On Feb. 21, 2023, the extent of Antarctica ice hit another worrying low, falling for the second consecutive year to its lowest level in 45 years with an area of less than 2 million km2.
This is according to a study published in the journal Ocean-Land-Atmosphere Research conducted by a team of scientists from Ocean-Land-Atmosphere Research (OLAR) and the State University of New York led by Jiping Liu.
Antarctica, ice at the lowest since the late 70s
From images and data from satellite observations, the researchers were able to establish the dynamics driving the ice melt and follow the steps that led to this new negative record in recent months.
A finding that raises the question of whether this new low represents an occasional anomaly or an indication of a transition to a long-term decline.
The sea ice present in the Antarctic Ocean, scientists explain, shows great variability both seasonally and from year to year. On Feb. 21, 2023, Antarctic sea ice extent reached its seasonal low of 1.788 million square kilometers, setting a new record low since the late 1970s.
This negative record is not an isolated event but is part of a context that has seen anomalous shrinkage in ice extent since 2017. Alarming to scholars is the fact that it comes just after the previous record low of 1.924 million km2 in 2022.
After this record in fact, strong heat waves in East Antarctica and coastal areas kept ice extent well below standard in March and following.
Antarctica’s ice melting at a worrying pace
At this point, Antarctic sea ice experienced a rare event: a record low for three consecutive months (June, July, and August).
Since October, seasonal melting has reached a pace well above normal. Due to an additional strong seasonal warming anomaly, the decline of sea ice in December was so accelerated that it resulted in the second lowest extent ever recorded in the last month of the year.
An acceleration in ice melt that continued into January and February 2023. Several atmospheric factors associated with modes of climate variability may have contributed to the new record low in 2023, according to scholars.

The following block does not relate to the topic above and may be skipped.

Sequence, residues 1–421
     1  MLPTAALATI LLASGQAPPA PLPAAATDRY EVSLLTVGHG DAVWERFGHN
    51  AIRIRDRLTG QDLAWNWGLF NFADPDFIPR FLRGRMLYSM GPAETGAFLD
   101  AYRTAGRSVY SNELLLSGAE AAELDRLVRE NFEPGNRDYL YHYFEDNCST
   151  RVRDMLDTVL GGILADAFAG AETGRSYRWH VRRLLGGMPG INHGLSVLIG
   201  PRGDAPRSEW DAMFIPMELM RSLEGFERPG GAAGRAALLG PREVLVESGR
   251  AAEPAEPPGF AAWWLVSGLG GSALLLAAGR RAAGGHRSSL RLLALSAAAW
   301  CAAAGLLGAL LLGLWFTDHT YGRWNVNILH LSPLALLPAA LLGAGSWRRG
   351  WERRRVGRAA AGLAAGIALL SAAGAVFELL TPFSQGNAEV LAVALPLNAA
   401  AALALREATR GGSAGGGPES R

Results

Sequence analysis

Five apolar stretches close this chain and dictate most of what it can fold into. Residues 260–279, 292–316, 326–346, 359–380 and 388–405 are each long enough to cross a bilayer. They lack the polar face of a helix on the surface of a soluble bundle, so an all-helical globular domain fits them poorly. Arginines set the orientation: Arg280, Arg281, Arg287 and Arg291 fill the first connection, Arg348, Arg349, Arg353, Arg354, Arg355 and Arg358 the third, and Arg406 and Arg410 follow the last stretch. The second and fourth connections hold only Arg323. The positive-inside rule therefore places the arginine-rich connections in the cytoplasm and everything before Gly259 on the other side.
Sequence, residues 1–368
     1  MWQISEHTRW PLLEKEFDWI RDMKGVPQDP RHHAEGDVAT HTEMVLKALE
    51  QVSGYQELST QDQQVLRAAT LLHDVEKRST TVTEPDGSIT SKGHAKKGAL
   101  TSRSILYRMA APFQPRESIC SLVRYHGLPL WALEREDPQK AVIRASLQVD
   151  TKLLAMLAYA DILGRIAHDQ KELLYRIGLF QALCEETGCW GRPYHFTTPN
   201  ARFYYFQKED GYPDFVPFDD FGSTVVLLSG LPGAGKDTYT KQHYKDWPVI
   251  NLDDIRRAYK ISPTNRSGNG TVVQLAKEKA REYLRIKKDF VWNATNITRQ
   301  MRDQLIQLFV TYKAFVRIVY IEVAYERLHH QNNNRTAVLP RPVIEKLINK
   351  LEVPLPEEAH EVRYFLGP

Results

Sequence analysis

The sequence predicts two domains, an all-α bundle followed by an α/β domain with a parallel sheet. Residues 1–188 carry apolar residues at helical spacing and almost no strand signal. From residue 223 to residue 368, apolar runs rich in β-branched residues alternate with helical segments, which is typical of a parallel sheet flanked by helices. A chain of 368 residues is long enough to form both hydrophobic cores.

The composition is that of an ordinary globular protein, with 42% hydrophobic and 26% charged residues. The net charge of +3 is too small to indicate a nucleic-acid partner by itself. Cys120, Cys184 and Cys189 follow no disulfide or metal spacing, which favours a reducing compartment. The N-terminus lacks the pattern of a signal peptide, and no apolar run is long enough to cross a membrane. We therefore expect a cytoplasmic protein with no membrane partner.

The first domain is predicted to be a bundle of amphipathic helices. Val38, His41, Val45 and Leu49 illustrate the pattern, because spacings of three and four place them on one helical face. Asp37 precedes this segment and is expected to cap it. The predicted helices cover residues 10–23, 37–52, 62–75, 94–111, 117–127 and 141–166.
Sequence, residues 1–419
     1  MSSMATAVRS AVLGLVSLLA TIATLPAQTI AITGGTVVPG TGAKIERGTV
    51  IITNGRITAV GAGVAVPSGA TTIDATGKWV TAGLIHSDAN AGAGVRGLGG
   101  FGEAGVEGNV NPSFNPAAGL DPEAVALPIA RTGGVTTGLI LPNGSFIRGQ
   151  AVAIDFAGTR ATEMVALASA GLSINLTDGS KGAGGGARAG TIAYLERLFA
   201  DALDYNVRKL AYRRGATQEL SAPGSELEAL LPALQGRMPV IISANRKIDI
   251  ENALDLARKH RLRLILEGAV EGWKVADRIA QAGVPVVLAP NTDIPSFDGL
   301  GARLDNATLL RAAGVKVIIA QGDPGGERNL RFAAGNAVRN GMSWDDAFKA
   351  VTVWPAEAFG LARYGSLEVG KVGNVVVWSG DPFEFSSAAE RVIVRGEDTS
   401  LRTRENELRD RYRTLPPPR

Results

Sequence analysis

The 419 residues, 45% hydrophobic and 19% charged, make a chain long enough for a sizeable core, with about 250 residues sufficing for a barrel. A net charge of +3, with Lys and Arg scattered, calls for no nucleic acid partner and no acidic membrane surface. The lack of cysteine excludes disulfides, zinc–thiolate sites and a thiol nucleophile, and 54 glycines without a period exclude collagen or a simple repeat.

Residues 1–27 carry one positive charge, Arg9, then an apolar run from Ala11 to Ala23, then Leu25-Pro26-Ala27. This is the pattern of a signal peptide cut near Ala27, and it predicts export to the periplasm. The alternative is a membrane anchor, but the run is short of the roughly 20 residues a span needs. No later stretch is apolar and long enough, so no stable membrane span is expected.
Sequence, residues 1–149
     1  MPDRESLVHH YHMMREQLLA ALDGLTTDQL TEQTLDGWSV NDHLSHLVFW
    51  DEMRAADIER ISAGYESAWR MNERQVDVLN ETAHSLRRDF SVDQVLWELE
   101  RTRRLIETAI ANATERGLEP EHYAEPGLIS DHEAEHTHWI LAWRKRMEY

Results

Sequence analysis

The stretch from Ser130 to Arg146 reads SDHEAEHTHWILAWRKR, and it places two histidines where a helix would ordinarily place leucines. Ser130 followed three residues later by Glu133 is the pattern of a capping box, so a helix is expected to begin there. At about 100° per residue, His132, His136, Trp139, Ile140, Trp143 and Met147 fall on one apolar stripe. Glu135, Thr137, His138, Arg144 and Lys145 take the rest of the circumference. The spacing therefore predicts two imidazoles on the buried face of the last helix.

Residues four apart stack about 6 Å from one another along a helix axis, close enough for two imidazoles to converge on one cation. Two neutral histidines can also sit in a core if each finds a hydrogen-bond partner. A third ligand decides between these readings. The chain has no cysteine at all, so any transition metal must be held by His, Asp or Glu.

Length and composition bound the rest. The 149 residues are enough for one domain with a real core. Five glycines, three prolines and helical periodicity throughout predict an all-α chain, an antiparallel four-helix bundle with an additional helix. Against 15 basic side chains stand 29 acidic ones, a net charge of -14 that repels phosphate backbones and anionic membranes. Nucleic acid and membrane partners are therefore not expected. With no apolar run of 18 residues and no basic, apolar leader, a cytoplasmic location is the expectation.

First, the study says, there was a continuous positive Antarctic oscillation in 2022, peaking in September, November and December that led to a persistent southwestward shift in the Amundsen Sea Low (ASL). This fact has significantly reduced sea ice in the Bellingshausen Sea and east of the Antarctic Peninsula.
Also in 2022, the tropical disturbance called La Nina exacerbated these effects by altering atmospheric circulation. The ocean absorbed most of the excess heat, and the average temperature reached a record high.
Ice melting: a brief anomaly or a long-term transition due to climate change?
Hence the question of whether these negative records of recent years are a brief anomaly due largely to natural climate variability or the telltale sign of a long-term transition to decreasing Antarctic sea ice, in which anthropogenic influence exceeds natural variability.
Significant ice reduction would cause profound impacts on the local climate and ecosystem, affecting ice shelf and food chain stability and wildlife populations.
Further research, the study concludes, is needed to answer outstanding questions and improve human understanding of how Antarctic sea ice change might interact with the broader Earth system.